What should concern S’poreans more than GIC’s US$675m loss from “its investment in Manhattan’s largest residential enclave” is that GIC is a big investor in US property, spending billions of dollars over the years (sorry can’t insert links on examples: they all break) though to be fair to it in 2006 it said it was diversifying into Brazil, India and China.
“Anybody who bought property in the last six years has their equity pretty well washed out,” said Ray Torto, chief economist at CB Richard Ellis, a real estate firm. “People are looking back on that period as the peak of the madness, the bubble. The expectation was that there was always someone who would pay a higher price after you,” part of an article about the promoter of the investment that lost GIC about US$675 million.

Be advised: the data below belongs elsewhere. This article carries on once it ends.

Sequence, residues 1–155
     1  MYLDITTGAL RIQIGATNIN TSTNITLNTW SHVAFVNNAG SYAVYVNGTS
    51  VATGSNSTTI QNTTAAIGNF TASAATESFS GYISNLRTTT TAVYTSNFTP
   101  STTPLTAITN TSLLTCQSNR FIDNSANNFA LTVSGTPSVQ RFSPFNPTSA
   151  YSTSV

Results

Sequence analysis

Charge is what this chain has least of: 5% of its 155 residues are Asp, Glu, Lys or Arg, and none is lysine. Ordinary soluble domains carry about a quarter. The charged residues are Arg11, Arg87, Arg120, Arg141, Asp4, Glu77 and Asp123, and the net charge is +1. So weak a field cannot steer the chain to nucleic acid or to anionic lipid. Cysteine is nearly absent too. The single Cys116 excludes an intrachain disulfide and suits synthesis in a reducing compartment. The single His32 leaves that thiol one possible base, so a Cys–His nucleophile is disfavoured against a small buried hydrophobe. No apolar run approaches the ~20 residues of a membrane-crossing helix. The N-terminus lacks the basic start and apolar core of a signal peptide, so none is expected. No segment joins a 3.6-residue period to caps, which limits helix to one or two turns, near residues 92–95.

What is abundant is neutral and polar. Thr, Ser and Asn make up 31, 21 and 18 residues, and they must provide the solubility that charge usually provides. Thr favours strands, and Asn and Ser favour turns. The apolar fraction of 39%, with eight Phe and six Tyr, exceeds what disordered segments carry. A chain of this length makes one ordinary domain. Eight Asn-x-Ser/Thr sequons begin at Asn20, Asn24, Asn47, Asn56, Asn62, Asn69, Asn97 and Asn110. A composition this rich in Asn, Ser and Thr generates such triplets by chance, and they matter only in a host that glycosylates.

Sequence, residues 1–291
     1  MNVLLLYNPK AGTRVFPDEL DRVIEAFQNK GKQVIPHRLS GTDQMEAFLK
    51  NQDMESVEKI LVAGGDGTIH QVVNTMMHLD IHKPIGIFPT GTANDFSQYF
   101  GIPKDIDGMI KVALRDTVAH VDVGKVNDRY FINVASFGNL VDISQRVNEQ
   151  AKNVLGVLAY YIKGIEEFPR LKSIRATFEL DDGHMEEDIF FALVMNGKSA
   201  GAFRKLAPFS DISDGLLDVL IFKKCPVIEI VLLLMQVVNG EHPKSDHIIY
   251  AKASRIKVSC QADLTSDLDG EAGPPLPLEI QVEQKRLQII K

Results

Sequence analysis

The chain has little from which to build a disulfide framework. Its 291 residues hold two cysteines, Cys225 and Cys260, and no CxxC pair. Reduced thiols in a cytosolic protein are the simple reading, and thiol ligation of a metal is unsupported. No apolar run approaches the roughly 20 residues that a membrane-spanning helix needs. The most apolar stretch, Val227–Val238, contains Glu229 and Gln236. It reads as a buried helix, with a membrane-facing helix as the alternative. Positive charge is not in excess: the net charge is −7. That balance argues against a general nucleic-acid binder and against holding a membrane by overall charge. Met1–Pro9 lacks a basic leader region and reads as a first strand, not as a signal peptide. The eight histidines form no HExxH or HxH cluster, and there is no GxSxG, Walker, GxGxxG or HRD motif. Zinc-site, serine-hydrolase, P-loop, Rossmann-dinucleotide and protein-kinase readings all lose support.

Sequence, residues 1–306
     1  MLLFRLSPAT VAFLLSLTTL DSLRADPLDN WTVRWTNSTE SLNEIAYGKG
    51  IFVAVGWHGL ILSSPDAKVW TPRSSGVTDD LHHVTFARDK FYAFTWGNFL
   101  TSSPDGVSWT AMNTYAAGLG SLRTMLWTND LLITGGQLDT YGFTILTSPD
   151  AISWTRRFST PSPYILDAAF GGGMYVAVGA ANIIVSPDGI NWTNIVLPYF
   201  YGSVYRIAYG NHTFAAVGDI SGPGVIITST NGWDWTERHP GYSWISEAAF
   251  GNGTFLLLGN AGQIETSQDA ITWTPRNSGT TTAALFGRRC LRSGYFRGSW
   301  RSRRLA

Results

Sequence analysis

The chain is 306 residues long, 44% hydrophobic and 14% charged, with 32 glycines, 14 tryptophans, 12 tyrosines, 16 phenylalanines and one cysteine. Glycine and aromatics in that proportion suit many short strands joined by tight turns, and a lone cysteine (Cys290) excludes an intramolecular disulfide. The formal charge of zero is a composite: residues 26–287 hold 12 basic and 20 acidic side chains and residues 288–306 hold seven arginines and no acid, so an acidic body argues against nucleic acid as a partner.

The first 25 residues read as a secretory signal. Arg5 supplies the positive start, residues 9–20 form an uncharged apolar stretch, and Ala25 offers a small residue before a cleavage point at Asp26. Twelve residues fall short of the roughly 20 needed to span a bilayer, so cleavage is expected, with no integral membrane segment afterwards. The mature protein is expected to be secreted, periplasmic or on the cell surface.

“Instead of rents and values rising unchecked, the value of commercial office buildings in the United States has dropped 43 percent, on average, since November 2007, according to economists’ estimates. If unemployment continues to rise, an ugly situation could turn nightmarish,” it continues.
As to the promoter,
“Tishman Speyer, which has no corporate debt, earns fees for developing and operating the buildings but usually puts little of its own money into a deal … In the $5.4 billion Stuyvesant Town deal, for instance, BlackRock and Tishman Speyer invested only $112 million each of their own money, which they have written off … Tishman Speyer took $18 million a year in fees; company executives say they began waiving the fees in fall 2008.”
Question is whether GIC is one of the creditors? Trying to find out.
It is confirmed that it is likely not to get anything back.